‘It’s bonkers but I love it’: Belsize Park musician on brightening up lockdown with shows made from yoghurt pots
PUBLISHED: 18:01 29 May 2020 | UPDATED: 16:10 01 June 2020
“I really believe in the power of imagination. Children have become so bombarded with ready-made everything that a lot them don’t have the time of or space to develop it.”
Belsize Park singer-songwriter Caroline Chan has always tried to bring out the best of kids’ musical creativity, but even her live lockdown sessions have pushed her imagination to the very limit.
Every day, using all sorts of odds and ends from toilet rolls to cereal boxes to yoghurt pots, Caroline has recreated weird and wacky theatrical and historical scenes including the underwater world, VE Day and the Wild West – a new theme for every performance – all broadcast live on her iPad.
She has mocked up a stage using a giant cardboard box on her kitchen table – the centrepiece of her morning shows – and despite the sessions being aimed towards young children, parents haven’t been able to resist joining in the fun too.
People have tuned in from as far as Brazil and Caroline told the Ham&High her sessions are “45 minutes of craziness” and “exhausting fun”.
She said: “It’s mad and it’s taken over every minute of my life – but I’m so glad I’ve done it.
“I’ve had so many calls, emails and texts with people saying how much they’re looking forward to the shows.
“That’s kept me going so I don’t think I can ever stop really.
“A lot of people might think it’s a complete waste of time me spending every day getting ready for the next scenario, but I don’t think so.
“I just think it’s been an extraordinarily rewarding and happy experience really within all this difficulty [of coronavirus].”
Normally, Caroline delivers weekly singalong classes for toddlers at Belsize Community Library and the Maqam Centre in Queen’s Park.
The Instagram sessions have become her “replacement” and she’s managed to rope in her Australian lodger William Jack who is, very handily, a cellist, so the two have formed a double act.
Caroline’s son Oliver joins in on the tambourine too and the singer-songwriter says her eclectic taste in music has never proven so handy.
“It’s a huge mix of things, it really varies and that’s what’s killing me slowly – trying to come up with something different every day that doesn’t disappoint,” Caroline said.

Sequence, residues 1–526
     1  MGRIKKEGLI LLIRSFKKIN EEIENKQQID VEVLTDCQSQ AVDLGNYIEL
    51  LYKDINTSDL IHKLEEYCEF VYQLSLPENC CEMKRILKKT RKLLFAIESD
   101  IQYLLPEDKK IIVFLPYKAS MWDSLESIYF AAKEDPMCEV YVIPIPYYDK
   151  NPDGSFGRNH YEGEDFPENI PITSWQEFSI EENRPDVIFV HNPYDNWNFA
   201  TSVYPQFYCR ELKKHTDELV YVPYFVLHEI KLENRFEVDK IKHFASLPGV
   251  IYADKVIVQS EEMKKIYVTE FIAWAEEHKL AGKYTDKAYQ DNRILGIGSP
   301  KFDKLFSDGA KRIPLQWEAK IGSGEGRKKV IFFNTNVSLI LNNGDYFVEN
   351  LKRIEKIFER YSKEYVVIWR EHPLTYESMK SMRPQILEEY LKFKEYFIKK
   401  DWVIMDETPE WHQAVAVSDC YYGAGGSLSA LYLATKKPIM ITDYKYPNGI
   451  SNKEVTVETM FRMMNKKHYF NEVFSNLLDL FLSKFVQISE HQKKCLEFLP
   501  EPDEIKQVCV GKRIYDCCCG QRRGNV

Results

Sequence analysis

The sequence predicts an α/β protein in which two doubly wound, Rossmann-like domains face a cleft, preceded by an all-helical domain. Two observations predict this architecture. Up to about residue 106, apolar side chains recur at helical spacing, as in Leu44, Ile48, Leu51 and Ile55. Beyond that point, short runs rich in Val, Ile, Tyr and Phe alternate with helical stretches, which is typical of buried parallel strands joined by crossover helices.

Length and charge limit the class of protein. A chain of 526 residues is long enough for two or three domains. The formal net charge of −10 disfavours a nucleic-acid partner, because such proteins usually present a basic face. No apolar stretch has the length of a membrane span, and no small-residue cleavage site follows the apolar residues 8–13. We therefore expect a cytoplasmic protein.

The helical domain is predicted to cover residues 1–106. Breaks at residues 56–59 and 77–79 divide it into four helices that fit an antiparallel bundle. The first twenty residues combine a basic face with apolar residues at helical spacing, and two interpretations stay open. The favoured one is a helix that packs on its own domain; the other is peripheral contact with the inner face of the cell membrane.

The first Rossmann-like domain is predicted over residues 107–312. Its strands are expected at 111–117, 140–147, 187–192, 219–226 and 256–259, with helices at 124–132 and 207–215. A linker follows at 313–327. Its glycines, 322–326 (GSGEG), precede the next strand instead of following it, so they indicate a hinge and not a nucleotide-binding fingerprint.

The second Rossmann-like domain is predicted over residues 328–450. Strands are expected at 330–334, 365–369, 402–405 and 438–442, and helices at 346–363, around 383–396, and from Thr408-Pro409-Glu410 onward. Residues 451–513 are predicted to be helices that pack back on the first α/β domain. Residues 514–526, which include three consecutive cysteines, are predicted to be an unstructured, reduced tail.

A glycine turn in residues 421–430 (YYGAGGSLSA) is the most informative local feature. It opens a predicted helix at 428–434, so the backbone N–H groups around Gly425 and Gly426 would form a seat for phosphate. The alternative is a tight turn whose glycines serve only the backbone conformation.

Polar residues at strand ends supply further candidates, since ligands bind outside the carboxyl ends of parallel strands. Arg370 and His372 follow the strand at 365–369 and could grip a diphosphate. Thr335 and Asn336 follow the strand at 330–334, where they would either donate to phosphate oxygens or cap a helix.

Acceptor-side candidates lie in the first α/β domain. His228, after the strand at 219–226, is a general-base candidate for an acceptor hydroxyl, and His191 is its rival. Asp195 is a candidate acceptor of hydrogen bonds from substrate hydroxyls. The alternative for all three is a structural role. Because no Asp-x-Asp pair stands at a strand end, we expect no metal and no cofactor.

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“It’s not the same as a live [physical] session but in some ways it’s different and it’s reaching people who I probably wouldn’t reach otherwise.
“I do feel that the people are in my room, especially when they comment and say they like my plant or paintings or things like that.”
Caroline emphasises things are far from serene in her “bonkers” world of live streams - “things go wrong, bits drop off”.
She likens her place to something out of the 1968 film Chitty Chitty Bang Bang – “full of inventions”.
But beneath all of the fun and harmless chaos of the live streams, Caroline’s music is lined with important meaning and purpose.
“Apart from entertaining people, music is a very powerful way of connecting people, their memories and their good times,” she said.
“I want to give people an experience, I want them to take something away that they don’t forget, so it has some sort of change and it affects them.”
Caroline continued: “I am trying to share my passion for using imagination and making something out of nothing.
“I don’t have anything really technical.
“Everything is handmade which I think has so much more memory and meaning for kids in the long run.
“Children can make something, use it and play with it – I really believe in that so much.
“Everything I do has an element of ‘let’s just see what we can use around us’.
“I don’t try and make anything perfect.
“I want people to see it’s been made and that it’s possible for anybody to create their own little world within this world we find ourselves in.”
To donate to Caroline’s joint fundraiser for Samaritans click here.
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